Conquering Gotham: A Gilded Age Epic: The Construction of Penn Station and Its Tunnels

Jill Jonnes, Author . Viking $27.95 (368p) ISBN 978-0-670-03158-0

Modern Manhattan is a miracle in many ways, but all of its imports, commuters included, must traverse at least one river to get there. In 1900, the New York Central, owned by the Vanderbilts, already gave Manhattan a northern connection over the narrow Harlem River. A southern connection over the mile-wide Hudson would be a whole different story. Alexander Cassatt, president of the Pennsylvania Railroad, was the visionary on the project. But how to do it? A bridge plan fell through due to expense; a tunnel would lack the oxygen needed for steam engines. The breakthrough lay in the cutting-edge electrified locomotives developed in Paris. Historian Jonnes (Empires of Light ), demonstrating impressive immersion in the Gilded Age, ably spins the tale, which bears some similarities to The Devil in the White City . This is a vivid story of hardball Tammany Hall maneuvering and mind-boggling engineering. Once construction began, the two-track narrative settles on the daunting construction of the tunnels and Charles McKim's much-admired design of the terminus at Pennsylvania Station, prized by New Yorkers only after its ill-considered demise in 1963. Jonnes can claim an important addition to the popular literature of how New York became the archetype of a great American metropolis. (Apr. 23)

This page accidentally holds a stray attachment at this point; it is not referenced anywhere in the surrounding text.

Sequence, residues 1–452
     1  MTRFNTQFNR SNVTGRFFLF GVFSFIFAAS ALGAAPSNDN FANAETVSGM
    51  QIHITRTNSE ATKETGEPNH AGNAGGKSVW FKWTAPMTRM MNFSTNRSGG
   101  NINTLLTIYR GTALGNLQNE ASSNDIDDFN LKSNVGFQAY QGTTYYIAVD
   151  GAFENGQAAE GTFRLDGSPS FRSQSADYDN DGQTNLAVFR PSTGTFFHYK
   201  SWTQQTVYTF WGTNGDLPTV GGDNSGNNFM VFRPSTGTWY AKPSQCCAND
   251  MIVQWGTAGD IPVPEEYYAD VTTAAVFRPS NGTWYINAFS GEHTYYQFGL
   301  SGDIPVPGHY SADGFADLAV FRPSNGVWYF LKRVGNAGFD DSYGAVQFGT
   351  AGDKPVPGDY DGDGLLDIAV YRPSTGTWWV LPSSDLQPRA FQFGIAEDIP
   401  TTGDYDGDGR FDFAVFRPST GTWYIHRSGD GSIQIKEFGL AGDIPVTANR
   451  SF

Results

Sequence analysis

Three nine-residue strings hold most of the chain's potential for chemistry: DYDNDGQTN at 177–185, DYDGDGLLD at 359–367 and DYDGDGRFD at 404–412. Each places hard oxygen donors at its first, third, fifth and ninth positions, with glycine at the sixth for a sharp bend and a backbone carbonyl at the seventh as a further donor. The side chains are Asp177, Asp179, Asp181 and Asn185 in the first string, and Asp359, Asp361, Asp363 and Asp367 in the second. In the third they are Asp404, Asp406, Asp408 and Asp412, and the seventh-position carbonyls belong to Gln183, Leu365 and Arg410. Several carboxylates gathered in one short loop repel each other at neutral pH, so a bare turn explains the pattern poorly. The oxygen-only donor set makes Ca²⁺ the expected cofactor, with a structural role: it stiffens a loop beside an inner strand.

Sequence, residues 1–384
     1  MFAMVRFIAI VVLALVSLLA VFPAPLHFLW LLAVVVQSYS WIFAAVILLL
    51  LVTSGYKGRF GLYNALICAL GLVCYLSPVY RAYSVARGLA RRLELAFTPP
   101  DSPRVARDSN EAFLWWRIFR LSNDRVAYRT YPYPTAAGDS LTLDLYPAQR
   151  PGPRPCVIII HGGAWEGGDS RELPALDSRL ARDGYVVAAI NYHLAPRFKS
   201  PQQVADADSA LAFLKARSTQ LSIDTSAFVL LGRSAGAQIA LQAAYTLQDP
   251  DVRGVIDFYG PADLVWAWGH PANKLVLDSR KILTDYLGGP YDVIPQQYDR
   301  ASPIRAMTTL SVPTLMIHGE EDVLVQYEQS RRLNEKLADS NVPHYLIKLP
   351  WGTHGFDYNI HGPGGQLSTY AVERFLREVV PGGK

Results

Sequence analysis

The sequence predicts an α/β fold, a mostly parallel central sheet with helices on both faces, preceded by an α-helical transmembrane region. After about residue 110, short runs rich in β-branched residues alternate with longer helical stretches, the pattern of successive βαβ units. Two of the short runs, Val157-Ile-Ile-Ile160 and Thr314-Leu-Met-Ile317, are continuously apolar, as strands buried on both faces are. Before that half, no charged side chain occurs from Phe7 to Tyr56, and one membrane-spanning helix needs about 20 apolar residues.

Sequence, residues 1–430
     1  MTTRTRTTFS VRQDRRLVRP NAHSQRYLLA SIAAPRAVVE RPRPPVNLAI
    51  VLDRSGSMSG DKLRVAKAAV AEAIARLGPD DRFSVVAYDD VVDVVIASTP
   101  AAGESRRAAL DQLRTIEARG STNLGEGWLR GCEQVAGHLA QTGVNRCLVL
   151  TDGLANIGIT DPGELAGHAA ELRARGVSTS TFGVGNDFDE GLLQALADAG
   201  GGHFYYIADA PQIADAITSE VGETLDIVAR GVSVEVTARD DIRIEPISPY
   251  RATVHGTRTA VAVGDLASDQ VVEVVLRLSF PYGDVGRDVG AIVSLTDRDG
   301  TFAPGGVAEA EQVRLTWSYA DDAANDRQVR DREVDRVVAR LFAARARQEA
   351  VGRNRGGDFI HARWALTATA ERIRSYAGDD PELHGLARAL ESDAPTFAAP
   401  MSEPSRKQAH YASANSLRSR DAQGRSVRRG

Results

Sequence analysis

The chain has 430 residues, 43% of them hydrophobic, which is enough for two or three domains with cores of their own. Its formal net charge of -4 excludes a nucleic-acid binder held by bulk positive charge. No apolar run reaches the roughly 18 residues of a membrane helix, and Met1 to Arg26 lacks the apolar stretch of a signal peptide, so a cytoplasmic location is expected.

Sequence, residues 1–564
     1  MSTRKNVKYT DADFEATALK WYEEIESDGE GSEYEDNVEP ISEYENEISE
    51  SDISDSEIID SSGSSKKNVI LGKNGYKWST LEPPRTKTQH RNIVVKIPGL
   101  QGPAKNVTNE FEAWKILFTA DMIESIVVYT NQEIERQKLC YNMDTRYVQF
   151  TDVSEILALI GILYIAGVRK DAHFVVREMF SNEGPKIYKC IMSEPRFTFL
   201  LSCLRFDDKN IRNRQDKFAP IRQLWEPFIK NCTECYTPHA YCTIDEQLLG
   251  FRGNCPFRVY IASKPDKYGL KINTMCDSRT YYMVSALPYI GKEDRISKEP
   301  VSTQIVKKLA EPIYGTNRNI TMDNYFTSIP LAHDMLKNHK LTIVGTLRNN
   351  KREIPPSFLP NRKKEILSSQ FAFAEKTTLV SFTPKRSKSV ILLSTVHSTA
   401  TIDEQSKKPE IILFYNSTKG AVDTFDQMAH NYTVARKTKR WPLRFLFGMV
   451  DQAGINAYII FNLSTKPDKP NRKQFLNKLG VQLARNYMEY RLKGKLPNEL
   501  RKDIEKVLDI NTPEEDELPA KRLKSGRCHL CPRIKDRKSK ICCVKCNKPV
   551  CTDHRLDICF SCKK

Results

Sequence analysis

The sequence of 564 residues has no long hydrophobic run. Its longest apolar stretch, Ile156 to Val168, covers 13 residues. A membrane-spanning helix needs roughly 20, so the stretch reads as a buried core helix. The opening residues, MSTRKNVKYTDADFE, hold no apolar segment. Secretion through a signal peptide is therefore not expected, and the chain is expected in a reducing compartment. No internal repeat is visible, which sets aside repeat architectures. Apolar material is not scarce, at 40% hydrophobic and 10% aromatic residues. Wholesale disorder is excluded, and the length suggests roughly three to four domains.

Reviewed on: 02/19/2007
Release date: 05/01/2007
Genre: Nonfiction
Open Ebook - 384 pages - 978-1-101-21889-1
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